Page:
Francis won me over early, during its residency at Sociable Cider Werks’ rotating restaurant trailer. No surprise then that the burger bar they opened in Northeast this January is such a treat. Well, actually… some surprise! I was really thrilled by the design choices here: the dark and moody bar lounge, the neon lights, the iconic red-lit bathrooms. The burgers have only gotten better—big fan of the meatless, dairy-less wonder that is the Francis Juicy Lucy—with a suite of chicken sandwiches I often opt for instead. The buffalo fries simply rock. So do the boozy shakes. As a meat eater, you want a vegan spot to really deliver, and Francis does. 2422 Central Ave. NE, Minneapolis.

What a wonderful pile of sandwichesEm Cassel

Marty’s Deli

It’s tough to play favorites on a list that’s full of ‘em, but… well, I already told Eater Twin Cities, so I might as well tell you, too. For me, the most exciting restaurant opening of 2023 was actually a deli opening. Marty’s Deli is so easy to love that when we attempted to rank their sandwiches earlier this year, we struggled to figure out what should sit near the bottom. They’re just that good. There’s the briny, crunchy magic of the Pool & Yacht, the salty, slaw-y sorcery of the Raffi Luigi, the gorgeous and colorful (and vegetarian-friendly) joy of the Seward—and all are served on fluffy, squishy slabs of focaccia. And then, the breakfast sandwich! 400 NE Lowry Ave., Minneapolis.

The Khao Poon from SlurpEm Cassel


No two ways about it: Slurp slaps. Or, slapped. In fact, maybe the only criticism I could have levied against Yia Vang’s pop-up noodle bar on Lake Street is that it was a temporary situation, eventually replaced by Mee-Ka, and Mov, and finally, another location of Union Hmong Kitchen. But a few weeks ago, there was good news for the soup freaks among us: UHK’s Graze food hall location recently transitioned its menu, and it’s now “Slurp by Union Hmong Kitchen.” It’s big, hearty bowl of broth season, folks. I’d recommend fortifying yourself with some Khao Poon ASAP. 520 N. 4th St. Minneapolis.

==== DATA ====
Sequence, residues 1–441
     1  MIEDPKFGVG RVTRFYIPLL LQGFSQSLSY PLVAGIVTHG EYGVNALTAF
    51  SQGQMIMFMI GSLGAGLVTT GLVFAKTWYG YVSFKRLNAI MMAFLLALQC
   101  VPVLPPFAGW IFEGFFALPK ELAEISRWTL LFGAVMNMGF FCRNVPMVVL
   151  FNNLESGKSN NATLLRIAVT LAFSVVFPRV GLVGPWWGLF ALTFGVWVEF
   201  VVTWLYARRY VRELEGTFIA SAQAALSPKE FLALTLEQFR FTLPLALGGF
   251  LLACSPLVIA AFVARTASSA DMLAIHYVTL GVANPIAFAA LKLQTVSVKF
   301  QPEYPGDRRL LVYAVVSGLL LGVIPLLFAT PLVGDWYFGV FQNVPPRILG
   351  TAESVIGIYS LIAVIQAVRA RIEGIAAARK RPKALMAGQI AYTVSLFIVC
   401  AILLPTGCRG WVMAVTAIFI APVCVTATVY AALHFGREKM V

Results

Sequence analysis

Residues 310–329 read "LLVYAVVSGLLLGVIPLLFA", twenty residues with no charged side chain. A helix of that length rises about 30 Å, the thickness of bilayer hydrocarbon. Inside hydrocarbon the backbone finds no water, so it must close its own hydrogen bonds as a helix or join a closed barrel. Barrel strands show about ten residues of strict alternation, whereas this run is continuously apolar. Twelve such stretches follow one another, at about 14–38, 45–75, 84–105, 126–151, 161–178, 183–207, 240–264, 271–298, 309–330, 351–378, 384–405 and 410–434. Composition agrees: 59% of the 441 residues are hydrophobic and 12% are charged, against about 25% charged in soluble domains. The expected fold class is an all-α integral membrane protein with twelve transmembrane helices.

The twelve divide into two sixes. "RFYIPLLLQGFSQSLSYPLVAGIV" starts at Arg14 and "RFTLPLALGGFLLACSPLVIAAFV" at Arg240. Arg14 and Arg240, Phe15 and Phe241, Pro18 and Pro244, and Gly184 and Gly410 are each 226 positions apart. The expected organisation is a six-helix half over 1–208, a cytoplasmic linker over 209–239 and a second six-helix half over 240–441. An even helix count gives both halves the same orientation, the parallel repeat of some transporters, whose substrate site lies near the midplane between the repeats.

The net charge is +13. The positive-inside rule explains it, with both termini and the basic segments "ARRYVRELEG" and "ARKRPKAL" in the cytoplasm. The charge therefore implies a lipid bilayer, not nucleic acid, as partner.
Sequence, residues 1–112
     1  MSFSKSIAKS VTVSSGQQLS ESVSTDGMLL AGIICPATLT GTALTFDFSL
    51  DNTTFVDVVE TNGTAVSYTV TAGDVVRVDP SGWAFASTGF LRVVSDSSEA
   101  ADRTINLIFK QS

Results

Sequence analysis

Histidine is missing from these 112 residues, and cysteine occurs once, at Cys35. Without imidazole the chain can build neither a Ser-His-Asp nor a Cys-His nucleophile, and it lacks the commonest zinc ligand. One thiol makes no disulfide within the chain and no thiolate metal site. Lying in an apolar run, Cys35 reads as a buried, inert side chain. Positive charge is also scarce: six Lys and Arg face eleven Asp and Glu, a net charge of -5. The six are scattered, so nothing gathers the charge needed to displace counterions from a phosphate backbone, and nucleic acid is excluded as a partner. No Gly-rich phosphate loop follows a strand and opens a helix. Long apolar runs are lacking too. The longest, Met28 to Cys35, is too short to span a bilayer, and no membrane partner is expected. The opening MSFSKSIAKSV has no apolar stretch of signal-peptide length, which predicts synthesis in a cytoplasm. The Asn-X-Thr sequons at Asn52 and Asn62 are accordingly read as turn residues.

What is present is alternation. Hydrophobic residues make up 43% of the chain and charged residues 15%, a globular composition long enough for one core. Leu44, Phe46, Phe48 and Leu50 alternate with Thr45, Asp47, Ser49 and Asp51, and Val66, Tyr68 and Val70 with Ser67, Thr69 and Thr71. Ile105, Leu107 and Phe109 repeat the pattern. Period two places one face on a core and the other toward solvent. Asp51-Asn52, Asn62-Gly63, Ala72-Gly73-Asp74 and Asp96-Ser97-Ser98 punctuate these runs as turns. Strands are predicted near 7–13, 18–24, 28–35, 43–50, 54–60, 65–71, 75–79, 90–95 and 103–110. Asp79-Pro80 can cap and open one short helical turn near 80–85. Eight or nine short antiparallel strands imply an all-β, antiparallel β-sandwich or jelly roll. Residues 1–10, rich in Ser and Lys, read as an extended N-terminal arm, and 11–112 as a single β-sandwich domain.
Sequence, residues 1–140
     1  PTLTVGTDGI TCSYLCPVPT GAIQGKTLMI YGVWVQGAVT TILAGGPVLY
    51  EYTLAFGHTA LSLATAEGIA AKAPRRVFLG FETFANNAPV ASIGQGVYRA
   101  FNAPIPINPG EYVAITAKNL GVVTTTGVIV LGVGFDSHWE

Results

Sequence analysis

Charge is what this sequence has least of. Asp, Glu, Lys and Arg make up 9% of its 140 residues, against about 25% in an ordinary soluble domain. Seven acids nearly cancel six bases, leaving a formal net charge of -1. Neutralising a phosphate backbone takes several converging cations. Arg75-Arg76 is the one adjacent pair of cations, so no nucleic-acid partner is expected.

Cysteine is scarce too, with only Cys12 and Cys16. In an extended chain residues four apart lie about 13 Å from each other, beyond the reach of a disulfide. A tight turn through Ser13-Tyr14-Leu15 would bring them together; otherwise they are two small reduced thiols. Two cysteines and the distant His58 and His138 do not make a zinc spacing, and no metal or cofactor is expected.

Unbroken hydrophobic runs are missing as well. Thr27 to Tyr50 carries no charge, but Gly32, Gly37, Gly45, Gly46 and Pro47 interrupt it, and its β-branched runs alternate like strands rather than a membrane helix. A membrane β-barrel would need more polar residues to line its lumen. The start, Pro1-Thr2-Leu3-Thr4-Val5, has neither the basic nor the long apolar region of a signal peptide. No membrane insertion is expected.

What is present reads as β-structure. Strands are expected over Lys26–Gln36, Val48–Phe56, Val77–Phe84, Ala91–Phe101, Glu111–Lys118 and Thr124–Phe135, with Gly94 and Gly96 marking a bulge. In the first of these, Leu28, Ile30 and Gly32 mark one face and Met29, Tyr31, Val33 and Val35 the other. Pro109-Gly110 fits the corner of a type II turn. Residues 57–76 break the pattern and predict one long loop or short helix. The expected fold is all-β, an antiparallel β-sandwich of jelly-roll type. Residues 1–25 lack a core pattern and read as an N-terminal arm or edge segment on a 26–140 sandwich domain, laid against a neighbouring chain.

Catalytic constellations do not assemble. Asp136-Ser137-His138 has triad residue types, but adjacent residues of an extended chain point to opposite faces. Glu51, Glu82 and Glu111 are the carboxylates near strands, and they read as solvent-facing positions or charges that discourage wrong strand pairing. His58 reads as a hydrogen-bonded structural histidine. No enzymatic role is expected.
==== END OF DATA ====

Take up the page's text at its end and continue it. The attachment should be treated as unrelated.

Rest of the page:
That's a damn good $17 burger.Em Cassel

Flora Room

I haven’t been to Porzana yet. (It’s on the list!) I have made it to Flora Room, which is probably more my speed anyway, and maybe more yours too. The basement bar beneath Daniel del Prado’s new Argentinian steakhouse had marvelous, Marvel Bar-sized shoes to fill, and while it doesn’t quite approximate the laid-back cool of its predecessor, it’s also not really trying to. They’ve got plant-witch decor, cocktails served in funky glasses, and a really killer, classically perfect smash burger. In other words, there’s something for everyone, and if you’re anything like me, there’s everything for someone. 200 N. First St., Minneapolis.

I wish this picture was better too, but look how cute the It (left) and Candyman from ESC's horror movie cocktail menu were! That's a little paper boat garnish!Em Cassel